Orchard Gateway, Orchard Central and 313@Somerset all connected as one shopping malls with free flows of people traffic.
Especially with Orchard Gateway and Orchard Central, one you're inside either mall, you really have no idea which mall you're in, unless you're deliberately seeking out the info. There're small signs up the top of a very high ceiling that tell you which shopping mall you're in (the signs are probably big. Just look small from down on the ground level). Even then, it's not an simple task.
The Runway in OG is trying to direct the shoppers around the OG mall so as not to move to disappear into another mall.
While it's far from the largest shopping mall on Orchard Road, it's the tallest, and it has a couple of thing to hint or emphasize that fact.
Most malls tend to design with central atriums that give shoppers a 360° view of their shopfronts. If there's such a thing in Orchard Central, it would be called the rear atrium.
Here in the rear atrium is where the Tall Girl (2009) stands at a whopping 20m tall. She draws your attention to this unique spatial architecture of this mall. Her head nearly touches the roof. This is because Tall Girl is especially commissioned by OC to place it here for the purpose that I mentioned above.
This sculpture is created by Inges Idee, an artist collective based in Berlin. The slightly larger-than-life figurine is made of polyurethane and glass fibre reinforced gypsum on steel frame.
The perception of height is enhanced further by distorting the different proportion of Tall Girl. Her feet is made very large compare to her head. As this is designed to view from the ground level, the disproportionally small head accentuates the vanishing point and makes her looking even taller than she really is. (Next time when I visit, I'll get some photos of her boots and head along with some people in it so that one can make comparison of sizes). This is the opposite of the Parthenon where the ancient Greek architect designed it to be top heavy to correct this vanishing perspective distortion that when viewed from ground level.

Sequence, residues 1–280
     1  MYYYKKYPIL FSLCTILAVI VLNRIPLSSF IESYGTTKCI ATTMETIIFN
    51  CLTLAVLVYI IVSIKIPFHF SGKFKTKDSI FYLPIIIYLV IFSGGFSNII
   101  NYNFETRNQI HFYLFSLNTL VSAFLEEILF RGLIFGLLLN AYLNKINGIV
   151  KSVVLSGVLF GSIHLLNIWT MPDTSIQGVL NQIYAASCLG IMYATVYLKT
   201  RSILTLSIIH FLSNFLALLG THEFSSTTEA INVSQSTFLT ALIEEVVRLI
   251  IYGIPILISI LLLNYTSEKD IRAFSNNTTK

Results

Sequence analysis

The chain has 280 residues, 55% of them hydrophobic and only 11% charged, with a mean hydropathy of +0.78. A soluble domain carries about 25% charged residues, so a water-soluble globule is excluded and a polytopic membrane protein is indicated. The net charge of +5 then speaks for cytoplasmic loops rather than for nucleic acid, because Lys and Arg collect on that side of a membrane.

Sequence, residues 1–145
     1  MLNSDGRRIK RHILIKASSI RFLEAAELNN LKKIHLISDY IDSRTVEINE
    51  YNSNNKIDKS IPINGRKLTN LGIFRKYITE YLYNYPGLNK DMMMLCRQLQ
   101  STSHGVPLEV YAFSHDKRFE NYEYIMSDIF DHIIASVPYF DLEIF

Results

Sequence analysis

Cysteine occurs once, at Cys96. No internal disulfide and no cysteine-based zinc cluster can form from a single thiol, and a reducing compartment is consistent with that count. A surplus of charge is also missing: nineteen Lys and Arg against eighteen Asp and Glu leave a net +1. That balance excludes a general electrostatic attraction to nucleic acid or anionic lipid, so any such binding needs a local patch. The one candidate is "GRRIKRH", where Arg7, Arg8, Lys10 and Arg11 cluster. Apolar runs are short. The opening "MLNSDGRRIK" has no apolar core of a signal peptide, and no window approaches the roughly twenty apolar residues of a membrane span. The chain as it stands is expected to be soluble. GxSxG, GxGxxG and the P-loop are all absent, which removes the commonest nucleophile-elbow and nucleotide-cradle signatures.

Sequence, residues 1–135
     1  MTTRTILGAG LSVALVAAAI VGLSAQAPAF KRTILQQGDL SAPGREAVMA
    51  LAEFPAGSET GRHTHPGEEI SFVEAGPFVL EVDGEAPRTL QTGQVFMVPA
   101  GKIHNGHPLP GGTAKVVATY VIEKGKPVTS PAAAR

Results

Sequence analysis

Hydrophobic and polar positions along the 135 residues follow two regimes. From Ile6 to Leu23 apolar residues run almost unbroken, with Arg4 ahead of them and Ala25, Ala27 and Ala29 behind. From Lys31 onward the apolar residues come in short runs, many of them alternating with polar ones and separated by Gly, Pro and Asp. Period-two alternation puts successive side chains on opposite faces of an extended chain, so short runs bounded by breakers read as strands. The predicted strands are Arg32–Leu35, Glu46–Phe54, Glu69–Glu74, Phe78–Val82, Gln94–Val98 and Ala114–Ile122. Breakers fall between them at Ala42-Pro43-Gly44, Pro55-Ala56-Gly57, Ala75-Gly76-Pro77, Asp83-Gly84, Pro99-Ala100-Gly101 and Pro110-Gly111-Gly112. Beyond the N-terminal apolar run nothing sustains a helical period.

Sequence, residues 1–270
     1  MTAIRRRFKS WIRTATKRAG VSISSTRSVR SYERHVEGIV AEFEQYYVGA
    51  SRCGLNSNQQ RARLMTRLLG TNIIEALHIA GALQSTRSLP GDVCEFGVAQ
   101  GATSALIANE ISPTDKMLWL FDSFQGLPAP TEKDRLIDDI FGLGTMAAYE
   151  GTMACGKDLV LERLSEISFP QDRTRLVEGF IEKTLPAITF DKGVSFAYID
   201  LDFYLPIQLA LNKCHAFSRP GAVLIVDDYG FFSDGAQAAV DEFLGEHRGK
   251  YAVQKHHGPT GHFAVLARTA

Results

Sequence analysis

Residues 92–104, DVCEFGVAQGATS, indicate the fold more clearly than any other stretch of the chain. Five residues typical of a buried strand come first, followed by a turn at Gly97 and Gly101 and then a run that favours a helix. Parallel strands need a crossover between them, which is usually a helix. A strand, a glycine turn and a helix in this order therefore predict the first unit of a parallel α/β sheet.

Another structure that's reinforcing this idea of height is the Via Ferreta Wall. This is supposedly the tallest indoor rock-face wall for abseiling (for now until China decides to beat that record).
I won't cover every little hidden gems of arts and sculptures around the mall. I leave you to discover them yourself. According to OC, their permanent arts display worth over S$9 million.
I'll cover their most well known roof garden. Take their glass walled elevator to get to level 10, and then take the stairs to the roof. That's where I took my brother and his wife when they visited me.
On level 11, you'll find a colourful diorama of Yayoi Kasama's works, showing her 2 favourite elements of polka dots and tulips.
|"Let's Go to a Paradise of Tulips" (2009) by Yayoi Kasama.|
Ya, Yayoi, let's go !
|Barking up the wrong tulip?|
My sis-in-law showed me her mobile phone's wallpaper. which is another work by Yayoi Kasama, showing the similar child-like playfulness, somewhat psychedelic bright colour, and circles galore.
On level 12, you'll find a rooftop garden.
|From level 12, not only you can see the diorama, you can also get a good aerial view of |
Emerald Hill with low-rise brown roofed buildings
These several sculptures in this rooftop garden are works by Victor Tan. A well known local artist, Visually-impaired, who chooses to create sculpture out of the difficult medium of metal wires.
There's only one slinky sculpture being suspended above the stairs. The 2 figures on either side, like the 2 men in yellow jacket are reflections from the wall, producing the optical illusion that there're 3 sculptures.
Because the loose and springy metal wires that form these human figures, they're designed so that they can spring to life by breezes.
|"Nutmeg Grove" (2009) by Michelle Righetti|
This large sculpture sits on the sidewalk of Orchard Road near OC's main entrance. This bicycle helmet looking sculpture is in fact a nutmeg seed, which is one of the 3 major spices that grew in orchards in the 1840s that lined either side of this road, giving rise to its name.
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